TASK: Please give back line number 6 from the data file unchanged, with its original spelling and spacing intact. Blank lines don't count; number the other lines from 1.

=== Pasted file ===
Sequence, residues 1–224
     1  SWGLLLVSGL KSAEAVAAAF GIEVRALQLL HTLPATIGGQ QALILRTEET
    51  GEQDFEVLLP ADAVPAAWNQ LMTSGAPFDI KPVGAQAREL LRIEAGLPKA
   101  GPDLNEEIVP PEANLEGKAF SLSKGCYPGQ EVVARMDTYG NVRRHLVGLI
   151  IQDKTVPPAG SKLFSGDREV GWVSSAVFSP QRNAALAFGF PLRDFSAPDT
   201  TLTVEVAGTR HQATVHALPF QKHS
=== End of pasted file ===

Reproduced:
   201  TLTVEVAGTR HQATVHALPF QKHS